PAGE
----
Many possibilities, even for the vegetarian in the family
This is one of the versions I make for my family; I have substituted local ground turkey and sausage for the usual beef and pork, but if you eat red meat, you may use it here, or substitute a soy sausage; there are many options for locally raised, sustainable meats where we live. Of course, when my grandmother made a French Canadian meat pie, she used the most sustainable meat possible, that which was raised on her own farm and fed with grain they grew.
I’ve also made it with ground soy protein and it tastes pretty much the same! In fact, one meat-eater grabbing seconds didn’t realize he had served himself from my vegetarian pie, and I didn’t tell!
This is Mémé’s “good times” version because it uses potatoes rather than just crackers.
This makes two bountiful pies, and they freeze well.
Mémé’s Good Times Tourtière
- One large white onion, diced
- 2 ribs celery, minced
- 1 tbsp. duck fat or olive oil
- 2 pounds ground Vermont or other local turkey
- 1 ½ pounds fresh local pork sausage, removed from casings
- 1 tbsp. poultry seasoning
- 1 tsp. dried sage, or 2 tbsp. fresh, minced
- 1 tsp. each ground cinnamon and ginger
- 1/2 tsp. ground cloves
- 1 tsp. hot Hungarian paprika (my addition!)
- Salt and pepper to taste
- 1 large bay leaf
- Chicken stock or water to almost cover, about two cups
- One sleeve Ritz or butter crackers smashed into crumbs
- 2 cups diced potatoes, partially cooked but still a bit firm
- 2 double pie crust recipes (total four crusts)
- Egg wash
Sauté the onion and celery in the duck fat in a large pan. Add the ground turkey, sausage, spices, and enough stock to just cover with bits poking their heads up. You can also use just plain water here, that’s what my grandmother used, but I think the stock adds a little more flavor.
This is the strange part, but necessary, the meat must be boiled: bring to a boil, cover, reduce, and slow cook on low heat, covered, about an hour, stirring now and then. (Note: if using soy alternative, only boil for about 15 minutes or so). The house will smell like Christmas Eve!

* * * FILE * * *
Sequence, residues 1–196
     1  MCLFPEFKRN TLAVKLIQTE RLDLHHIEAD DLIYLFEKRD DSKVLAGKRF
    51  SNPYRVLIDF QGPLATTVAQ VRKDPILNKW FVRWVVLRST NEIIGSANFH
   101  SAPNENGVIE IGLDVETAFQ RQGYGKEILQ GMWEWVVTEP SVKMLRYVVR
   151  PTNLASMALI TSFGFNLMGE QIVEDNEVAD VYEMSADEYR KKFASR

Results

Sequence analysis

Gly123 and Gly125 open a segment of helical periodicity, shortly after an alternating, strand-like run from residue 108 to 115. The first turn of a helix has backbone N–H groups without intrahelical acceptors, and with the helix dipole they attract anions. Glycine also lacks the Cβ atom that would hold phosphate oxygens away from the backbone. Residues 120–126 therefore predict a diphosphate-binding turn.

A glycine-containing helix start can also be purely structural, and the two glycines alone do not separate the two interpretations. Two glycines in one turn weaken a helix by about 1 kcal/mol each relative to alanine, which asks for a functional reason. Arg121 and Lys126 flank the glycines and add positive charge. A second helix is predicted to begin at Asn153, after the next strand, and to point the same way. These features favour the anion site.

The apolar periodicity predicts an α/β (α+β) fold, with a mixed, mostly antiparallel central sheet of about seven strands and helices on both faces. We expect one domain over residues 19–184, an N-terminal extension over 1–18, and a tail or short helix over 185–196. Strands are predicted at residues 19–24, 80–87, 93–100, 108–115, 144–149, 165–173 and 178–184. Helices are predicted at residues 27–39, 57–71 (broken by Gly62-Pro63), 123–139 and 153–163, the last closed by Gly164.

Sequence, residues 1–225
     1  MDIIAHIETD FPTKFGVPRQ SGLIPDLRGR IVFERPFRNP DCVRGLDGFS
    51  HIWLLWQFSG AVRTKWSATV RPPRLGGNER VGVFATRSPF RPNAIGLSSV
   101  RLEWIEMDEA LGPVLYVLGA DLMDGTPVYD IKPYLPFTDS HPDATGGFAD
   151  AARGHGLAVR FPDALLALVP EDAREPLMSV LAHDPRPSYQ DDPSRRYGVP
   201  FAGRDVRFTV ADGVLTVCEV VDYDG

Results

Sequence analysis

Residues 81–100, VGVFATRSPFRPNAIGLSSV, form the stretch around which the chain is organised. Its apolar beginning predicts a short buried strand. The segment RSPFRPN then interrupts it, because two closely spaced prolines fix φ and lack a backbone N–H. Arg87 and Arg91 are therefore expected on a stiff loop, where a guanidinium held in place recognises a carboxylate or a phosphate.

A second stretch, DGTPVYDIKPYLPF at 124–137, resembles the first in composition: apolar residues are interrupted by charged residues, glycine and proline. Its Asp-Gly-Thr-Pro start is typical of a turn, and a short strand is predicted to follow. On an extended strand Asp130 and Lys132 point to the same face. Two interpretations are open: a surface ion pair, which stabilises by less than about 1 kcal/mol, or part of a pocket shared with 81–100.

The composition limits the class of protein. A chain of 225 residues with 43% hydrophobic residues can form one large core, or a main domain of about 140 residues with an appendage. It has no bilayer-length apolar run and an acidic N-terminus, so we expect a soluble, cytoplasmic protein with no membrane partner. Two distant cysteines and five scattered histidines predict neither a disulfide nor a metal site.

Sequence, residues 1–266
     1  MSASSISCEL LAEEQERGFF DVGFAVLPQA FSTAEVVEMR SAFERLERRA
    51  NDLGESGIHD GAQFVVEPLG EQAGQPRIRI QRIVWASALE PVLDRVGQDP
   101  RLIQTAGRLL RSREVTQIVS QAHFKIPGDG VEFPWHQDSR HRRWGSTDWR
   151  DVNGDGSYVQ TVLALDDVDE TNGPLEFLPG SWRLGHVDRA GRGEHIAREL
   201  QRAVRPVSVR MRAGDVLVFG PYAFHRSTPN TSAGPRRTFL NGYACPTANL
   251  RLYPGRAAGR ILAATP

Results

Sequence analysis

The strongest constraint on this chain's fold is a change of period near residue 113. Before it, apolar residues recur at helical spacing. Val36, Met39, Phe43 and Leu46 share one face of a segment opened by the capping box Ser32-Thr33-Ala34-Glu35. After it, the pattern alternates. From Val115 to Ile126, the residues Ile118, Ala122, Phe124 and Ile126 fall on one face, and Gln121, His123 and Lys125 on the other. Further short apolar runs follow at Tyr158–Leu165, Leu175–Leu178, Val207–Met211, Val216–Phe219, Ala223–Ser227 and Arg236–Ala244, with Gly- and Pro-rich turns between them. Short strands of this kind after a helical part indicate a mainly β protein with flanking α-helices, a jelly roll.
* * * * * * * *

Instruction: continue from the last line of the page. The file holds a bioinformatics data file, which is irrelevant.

Remove the lid, stir, and remove some of the fat and liquid that has accumulated. Add crackers and potatoes. Stir well, and spoon back a little of the liquid if need be. The mixture should be very soft and moist, but with no visible pools of liquid.
Cool the mixture. When cool, pour into two prepared bottom crusts and make smooth. Add the top crusts, and always a little pastry decoration. This is, after all, holiday food, so it should look as pretty as it tastes. I like to decorate with little leaves made from the pastry trimmings.
Brush all with an egg wash made of an exquisite organic egg and a little cold water and bake at 350 degrees for about 45 to 50 minutes. It should be golden brown! Check when the house starts to smell really good. It will let you know.
Let set at least 20 minutes before cutting, a half hour is better. Traditionally, this was served with a brown gravy, but I like it much better with a mushroom gravy on the side.
Wild Mushroom Gravy
Bring two cups of water to a boil and add a handful of dried porcini or other dried mushrooms. (I use wild maitake mushroms I dehydrate in my oven, but you can use any dried variety). Set aside for a half hour. Drain, reserving the liquid, and chop up the rehydrated mushrooms.
Sauté 10 ounces of fresh mushrooms, whatever you like, in a tablespoon of butter with a splash of olive oil. Salt and pepper to taste, and sprinkle in a little thyme. Add the rehydrated mushrooms, a little more butter, and a quarter cup of all-purpose flour. Mix well and slowly add the reserved liquid (the very bottom of the bowl may contain grit so pour really slowly at the end). Reduce the heat and simmer for a few minutes until thick.
Note: Check the dried mushroom package; many are being imported from China and are priced cheap. Because of obvious issues of quality control, you don’t want these!